8. Expand eligibility for programming credits: Giving inmates the chance to earn time off their sentences by participating in rehabilitative programs encourages good conduct in prison, and increases the likelihood that they’ll succeed after release. All inmates should be eligible and encouraged to join these programs.
  9. Improve use of Adult Transition Centers: Adult Transition Centers help offenders transition back into the community by providing a supervised place to stay while finding work, attending school, and learning life management skills. The state should change how it uses its four Adult Transition Centers so that higher-risk offenders, not just low- risk offenders, can benefit from the programs prior to release.
  10. Develop release program for seriously ill inmates: Develop a program to let terminally ill or incapacitated offenders who don’t pose a public safety risk move to home confinement or medical facilities for treatment, thereby saving the state thousands in treatment and care costs.
  11. Improve use of electronic monitoring: Improve and expand the use of electronic monitoring for short-term inmates, and as an intermediate sanction for offenders who violate the terms of parole.
  12. Enhance rehabilitative programming in Illinois prisons: Improve access to education, vocational training and substance abuse programs to help offenders successfully adapt to life after prison.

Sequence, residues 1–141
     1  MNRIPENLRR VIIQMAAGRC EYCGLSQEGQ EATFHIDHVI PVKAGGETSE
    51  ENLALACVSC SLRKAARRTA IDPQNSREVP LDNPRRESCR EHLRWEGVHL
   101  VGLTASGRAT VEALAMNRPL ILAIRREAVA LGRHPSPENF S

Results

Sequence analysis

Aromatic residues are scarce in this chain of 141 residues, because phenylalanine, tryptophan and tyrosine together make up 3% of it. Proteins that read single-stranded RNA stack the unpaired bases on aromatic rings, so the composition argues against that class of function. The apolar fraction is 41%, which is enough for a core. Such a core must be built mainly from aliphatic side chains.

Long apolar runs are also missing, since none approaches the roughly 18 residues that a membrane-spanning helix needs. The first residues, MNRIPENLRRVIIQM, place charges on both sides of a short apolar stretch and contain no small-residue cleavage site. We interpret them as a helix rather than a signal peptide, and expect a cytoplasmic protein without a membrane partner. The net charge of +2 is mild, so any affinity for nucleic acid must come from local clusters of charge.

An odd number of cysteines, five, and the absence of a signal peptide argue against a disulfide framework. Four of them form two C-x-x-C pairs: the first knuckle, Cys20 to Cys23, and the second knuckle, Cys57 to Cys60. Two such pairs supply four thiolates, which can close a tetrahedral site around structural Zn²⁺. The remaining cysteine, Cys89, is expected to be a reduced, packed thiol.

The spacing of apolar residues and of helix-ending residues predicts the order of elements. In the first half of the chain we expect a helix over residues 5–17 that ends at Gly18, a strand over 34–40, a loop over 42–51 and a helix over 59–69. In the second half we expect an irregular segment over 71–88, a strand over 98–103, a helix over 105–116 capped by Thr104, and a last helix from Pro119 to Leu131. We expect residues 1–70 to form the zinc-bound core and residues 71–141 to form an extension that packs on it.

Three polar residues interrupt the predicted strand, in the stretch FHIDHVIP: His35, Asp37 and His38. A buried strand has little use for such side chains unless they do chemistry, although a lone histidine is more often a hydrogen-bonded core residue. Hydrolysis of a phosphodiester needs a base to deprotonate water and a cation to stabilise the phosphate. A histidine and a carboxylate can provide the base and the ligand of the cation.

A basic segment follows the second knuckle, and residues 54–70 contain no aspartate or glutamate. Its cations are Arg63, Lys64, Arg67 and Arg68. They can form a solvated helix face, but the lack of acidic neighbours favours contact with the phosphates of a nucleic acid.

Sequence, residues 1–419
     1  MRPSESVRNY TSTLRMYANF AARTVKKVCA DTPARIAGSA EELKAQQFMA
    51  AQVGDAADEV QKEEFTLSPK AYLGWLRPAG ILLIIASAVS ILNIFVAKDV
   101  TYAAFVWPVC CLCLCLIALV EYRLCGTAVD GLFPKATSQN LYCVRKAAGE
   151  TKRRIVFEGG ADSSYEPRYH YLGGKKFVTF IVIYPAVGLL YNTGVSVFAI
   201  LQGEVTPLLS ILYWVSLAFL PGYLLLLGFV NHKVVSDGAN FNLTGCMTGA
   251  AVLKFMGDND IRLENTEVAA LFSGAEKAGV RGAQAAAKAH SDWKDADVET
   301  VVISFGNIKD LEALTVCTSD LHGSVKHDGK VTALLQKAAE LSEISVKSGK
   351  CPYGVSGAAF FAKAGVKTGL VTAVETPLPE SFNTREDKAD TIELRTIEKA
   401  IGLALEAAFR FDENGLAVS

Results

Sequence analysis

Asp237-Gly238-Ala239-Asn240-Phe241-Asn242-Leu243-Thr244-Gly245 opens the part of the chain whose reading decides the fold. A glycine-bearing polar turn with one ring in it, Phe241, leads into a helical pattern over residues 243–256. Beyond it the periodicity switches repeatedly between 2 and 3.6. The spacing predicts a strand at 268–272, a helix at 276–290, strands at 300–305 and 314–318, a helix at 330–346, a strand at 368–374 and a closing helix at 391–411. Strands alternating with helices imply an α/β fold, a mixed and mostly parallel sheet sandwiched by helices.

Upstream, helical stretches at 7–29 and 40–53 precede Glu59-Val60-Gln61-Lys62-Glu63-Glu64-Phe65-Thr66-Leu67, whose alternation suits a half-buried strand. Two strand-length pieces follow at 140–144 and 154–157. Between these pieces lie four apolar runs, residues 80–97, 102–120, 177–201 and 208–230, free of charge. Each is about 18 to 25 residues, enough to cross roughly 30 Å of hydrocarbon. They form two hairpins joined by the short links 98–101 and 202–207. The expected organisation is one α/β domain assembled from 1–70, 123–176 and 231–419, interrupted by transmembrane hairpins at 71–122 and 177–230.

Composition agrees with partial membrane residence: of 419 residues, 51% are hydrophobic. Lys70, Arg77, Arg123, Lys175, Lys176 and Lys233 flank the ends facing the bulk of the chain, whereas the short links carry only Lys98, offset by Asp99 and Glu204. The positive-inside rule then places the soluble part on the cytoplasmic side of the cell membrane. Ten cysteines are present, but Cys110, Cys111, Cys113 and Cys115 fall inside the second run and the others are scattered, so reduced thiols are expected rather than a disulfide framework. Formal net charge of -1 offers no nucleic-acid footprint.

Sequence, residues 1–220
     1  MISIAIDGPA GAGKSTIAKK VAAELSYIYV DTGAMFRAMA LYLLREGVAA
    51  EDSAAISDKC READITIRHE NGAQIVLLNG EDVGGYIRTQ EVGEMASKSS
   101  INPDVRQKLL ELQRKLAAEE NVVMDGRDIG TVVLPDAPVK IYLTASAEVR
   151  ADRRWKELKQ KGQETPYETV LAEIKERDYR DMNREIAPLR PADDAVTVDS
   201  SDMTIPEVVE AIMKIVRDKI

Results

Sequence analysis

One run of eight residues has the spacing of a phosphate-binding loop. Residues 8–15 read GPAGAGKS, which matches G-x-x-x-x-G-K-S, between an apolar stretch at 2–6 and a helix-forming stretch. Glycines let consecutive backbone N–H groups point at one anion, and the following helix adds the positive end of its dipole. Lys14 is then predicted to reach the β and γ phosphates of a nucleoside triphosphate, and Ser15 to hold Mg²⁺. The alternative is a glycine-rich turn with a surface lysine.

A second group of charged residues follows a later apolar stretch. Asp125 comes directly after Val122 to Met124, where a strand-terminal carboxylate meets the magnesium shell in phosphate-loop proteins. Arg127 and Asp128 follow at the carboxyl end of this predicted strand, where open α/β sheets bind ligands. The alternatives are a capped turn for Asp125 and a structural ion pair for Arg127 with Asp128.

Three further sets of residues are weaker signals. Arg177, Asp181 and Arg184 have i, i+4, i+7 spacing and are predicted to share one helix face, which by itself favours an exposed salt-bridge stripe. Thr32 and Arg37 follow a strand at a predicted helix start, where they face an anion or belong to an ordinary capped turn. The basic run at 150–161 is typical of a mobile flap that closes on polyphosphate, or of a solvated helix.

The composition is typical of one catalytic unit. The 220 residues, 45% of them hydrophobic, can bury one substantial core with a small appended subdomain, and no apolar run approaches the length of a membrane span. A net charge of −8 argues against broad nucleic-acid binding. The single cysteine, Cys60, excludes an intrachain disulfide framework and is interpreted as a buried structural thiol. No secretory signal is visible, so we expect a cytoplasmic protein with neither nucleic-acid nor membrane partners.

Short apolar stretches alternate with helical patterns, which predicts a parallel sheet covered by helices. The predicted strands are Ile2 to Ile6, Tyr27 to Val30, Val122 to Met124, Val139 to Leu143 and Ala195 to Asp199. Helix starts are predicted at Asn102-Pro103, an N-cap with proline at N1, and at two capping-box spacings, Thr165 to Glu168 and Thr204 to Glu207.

13. Remove burdensome occupational licensing barriers: Remove unnecessary barriers keeping ex-offenders from obtaining professional licenses.
  14. Issue state ID cards upon release from prison: IDs are required for obtaining legal employment, housing and other basic needs in Illinois, but many offenders don’t have them – which makes re-entry even more difficult. Illinois should provide ID cards to ex-offenders upon release.

The commission’s recommendations provide a good starting place for reform. Part 2 of the commission’s report, due by spring 2016, will focus on overhauling Illinois’ sentencing policy and making recommendations for improving criminal-justice services at the community level.